sense employed in economic theory (that is they seek the most efficient means to realise the goals
    they happen to have) and mutually disinterested (they do not care whether other people do well or
    badly compared to themselves).

    3. Third, they are conceived of as choosing behind what Rawls calls the ‘veil of ignorance’. They are
    ignorant of two sorts of things: first their own talents and abilities and their place in society; and
    second, their own conception of what gives value to life (their conception of the good, which may
    include religious and aesthetic ideals or even just tastes and preferences). Rawls introduces these
    restrictions so that people cannot tailor the principles of the just society to suit themselves. The veil
    of ignorance implements the idea of impartiality which is an essential component of the concept of

    4. Fourth, the choice of principles is constrained by various formal considerations which Rawls takes to
    be essential to the concept of law. Principles must apply universally and generally, they must be
    capable of generating a definite answer in case of conflict and they must, crucially, be capable of
    being made public. The principles that are to govern the just society must be principles that are
    known and understood by citizens rather than being reserved to an elite of guardians.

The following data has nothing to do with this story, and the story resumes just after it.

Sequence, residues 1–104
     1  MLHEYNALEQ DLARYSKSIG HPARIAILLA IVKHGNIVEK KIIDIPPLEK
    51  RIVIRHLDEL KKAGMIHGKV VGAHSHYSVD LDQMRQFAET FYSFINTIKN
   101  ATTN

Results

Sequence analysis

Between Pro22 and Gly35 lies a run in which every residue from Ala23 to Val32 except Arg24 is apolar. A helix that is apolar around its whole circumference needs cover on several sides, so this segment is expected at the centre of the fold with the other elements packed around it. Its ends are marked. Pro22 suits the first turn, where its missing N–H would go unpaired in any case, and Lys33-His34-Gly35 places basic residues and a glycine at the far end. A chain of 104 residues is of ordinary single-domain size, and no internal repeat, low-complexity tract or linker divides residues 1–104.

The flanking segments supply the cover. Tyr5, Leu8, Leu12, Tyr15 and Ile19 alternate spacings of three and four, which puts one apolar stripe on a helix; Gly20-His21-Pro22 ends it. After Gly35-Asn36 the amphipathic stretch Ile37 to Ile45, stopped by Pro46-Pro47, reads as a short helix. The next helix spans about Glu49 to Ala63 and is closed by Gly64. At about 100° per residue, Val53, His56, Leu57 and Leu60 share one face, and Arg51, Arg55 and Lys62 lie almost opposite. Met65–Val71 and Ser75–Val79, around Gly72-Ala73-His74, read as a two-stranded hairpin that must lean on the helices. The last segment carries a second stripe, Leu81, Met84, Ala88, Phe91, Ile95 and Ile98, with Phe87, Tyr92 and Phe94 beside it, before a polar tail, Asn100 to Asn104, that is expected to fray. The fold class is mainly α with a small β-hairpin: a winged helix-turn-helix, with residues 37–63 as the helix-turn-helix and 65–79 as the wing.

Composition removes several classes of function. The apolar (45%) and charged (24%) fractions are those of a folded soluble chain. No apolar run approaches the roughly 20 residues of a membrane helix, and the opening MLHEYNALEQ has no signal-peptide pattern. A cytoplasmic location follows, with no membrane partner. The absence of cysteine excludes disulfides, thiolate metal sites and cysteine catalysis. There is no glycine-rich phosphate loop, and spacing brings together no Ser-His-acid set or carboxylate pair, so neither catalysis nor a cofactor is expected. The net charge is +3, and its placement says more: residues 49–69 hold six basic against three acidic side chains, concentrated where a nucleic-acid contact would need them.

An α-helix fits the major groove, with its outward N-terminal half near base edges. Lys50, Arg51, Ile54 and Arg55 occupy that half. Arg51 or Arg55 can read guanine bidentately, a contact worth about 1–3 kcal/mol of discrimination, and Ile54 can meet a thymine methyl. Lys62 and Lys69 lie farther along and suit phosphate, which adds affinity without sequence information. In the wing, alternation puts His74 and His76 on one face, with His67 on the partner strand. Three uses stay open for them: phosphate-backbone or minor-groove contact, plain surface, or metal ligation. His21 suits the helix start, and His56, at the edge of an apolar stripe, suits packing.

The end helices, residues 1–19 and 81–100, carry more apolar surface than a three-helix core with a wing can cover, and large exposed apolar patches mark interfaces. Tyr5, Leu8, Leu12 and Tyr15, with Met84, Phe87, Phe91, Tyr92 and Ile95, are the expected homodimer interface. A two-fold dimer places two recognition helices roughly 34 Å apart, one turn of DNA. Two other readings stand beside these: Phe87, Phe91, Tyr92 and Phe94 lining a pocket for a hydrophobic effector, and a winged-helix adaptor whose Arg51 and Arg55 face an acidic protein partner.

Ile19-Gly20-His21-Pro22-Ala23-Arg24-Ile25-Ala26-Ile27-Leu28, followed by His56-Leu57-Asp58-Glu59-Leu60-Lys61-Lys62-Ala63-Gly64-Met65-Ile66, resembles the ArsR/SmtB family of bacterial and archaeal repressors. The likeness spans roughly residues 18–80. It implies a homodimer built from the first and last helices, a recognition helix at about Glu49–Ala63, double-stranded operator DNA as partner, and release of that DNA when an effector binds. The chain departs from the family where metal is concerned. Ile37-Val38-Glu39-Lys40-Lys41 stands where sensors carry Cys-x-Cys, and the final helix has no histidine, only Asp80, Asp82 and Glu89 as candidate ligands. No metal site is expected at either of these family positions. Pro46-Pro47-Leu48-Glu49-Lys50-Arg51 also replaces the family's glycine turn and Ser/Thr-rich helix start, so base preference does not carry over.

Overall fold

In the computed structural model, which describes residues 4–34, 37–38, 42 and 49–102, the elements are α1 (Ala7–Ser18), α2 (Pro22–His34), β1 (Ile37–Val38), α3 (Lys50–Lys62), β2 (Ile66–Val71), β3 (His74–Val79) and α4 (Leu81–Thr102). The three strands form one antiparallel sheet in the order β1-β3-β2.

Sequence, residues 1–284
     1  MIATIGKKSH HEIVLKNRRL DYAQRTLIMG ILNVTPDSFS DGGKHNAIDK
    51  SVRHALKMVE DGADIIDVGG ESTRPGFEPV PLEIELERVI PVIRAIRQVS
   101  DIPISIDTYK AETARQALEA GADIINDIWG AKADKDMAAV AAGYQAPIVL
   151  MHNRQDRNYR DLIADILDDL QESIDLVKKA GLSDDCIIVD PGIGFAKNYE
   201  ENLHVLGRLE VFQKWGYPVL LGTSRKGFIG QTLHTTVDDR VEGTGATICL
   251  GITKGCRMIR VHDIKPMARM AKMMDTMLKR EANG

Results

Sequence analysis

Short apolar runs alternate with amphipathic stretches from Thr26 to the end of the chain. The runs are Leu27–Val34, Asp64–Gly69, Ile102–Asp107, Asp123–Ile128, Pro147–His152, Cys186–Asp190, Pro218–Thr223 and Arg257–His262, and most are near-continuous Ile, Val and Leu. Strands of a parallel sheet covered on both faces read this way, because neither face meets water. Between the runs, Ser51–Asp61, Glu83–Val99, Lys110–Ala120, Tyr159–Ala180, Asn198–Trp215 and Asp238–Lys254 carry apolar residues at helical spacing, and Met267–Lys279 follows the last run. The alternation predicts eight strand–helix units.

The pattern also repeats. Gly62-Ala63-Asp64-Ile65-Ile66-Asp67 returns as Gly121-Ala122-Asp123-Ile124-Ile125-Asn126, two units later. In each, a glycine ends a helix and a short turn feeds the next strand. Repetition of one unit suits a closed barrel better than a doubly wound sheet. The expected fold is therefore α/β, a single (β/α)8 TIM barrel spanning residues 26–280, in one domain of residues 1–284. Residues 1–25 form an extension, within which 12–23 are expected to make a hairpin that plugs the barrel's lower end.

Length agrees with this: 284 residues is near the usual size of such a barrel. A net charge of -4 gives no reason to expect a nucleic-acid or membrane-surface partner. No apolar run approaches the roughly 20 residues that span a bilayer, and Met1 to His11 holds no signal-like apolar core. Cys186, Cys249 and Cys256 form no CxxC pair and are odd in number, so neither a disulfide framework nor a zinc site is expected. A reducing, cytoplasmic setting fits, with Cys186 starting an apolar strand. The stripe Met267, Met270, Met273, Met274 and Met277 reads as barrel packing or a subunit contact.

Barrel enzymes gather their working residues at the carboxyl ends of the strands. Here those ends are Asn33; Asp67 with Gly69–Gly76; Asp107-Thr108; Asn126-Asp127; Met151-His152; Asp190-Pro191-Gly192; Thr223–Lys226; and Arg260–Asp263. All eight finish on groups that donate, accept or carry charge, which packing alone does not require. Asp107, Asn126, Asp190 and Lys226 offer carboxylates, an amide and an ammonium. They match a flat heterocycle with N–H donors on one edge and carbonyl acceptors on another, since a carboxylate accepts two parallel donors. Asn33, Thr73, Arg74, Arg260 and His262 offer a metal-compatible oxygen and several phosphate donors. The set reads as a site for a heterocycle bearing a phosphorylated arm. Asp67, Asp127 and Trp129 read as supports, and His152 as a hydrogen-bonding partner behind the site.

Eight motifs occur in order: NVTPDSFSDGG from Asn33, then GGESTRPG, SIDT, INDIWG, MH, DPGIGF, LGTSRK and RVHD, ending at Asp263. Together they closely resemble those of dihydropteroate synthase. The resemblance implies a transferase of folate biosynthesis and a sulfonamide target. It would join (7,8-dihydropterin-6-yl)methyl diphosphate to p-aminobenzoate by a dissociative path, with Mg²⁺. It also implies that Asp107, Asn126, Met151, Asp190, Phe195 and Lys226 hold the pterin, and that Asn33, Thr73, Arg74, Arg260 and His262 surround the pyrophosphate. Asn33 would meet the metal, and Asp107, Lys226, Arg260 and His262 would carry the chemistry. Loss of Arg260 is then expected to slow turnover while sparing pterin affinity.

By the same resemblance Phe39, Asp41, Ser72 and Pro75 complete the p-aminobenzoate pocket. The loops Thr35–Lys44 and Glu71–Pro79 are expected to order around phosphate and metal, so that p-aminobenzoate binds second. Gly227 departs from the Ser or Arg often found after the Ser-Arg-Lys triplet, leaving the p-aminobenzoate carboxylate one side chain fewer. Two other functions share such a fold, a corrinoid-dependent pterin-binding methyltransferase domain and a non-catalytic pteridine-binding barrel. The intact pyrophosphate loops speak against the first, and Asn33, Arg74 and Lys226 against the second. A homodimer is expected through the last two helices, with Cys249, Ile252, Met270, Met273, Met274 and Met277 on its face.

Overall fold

5. Fifth, the parties do not choose their principles from scratch, but rather are presented with a list of
    alternatives which represent various conceptions of justice that as plausible as prima facie
    interpretations of the concept of justice as applied to the basic structure of society. These
    alternatives are drawn from our tradition of reasoning about such questions and include amongst
    their number classical utilitarianism, average utilitarianism, various perfectionist principles and
    some mixed ones.

    Rawls suggests that the parties will hit on two principles to govern the basic structure of society:

    FIRST PRINCIPLE: Each person has an equal right to a fully adequate scheme of equal basic
    liberties which is compatible with a similar scheme of liberties for all.

    SECOND PRINCIPLE Social and economic principles are to satisfy two conditions. First, they
    must be attached to offices and positions open to all under conditions of fair equality of